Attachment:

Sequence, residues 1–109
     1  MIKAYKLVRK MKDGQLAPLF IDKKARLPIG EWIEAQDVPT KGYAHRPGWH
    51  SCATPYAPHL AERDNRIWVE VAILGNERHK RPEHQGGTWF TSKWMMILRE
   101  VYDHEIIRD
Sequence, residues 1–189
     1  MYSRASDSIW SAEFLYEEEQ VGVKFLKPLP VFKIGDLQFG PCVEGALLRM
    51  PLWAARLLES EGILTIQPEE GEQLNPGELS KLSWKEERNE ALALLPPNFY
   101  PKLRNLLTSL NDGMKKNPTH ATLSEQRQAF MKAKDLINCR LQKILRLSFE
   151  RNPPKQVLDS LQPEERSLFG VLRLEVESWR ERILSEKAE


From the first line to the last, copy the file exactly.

Sequence, residues 1–109
     1  MIKAYKLVRK MKDGQLAPLF IDKKARLPIG EWIEAQDVPT KGYAHRPGWH
    51  SCATPYAPHL AERDNRIWVE VAILGNERHK RPEHQGGTWF TSKWMMILRE
   101  VYDHEIIRD
Sequence, residues 1–189
     1  MYSRASDSIW SAEFLYEEEQ VGVKFLKPLP VFKIGDLQFG PCVEGALLRM
    51  PLWAARLLES EGILTIQPEE GEQLNPGELS KLSWKEERNE ALALLPPNFY
   101  PKLRNLLTSL NDGMKKNPTH ATLSEQRQAF MKAKDLINCR LQKILRLSFE
   151  RNPPKQVLDS LQPEERSLFG VLRLEVESWR ERILSEKAE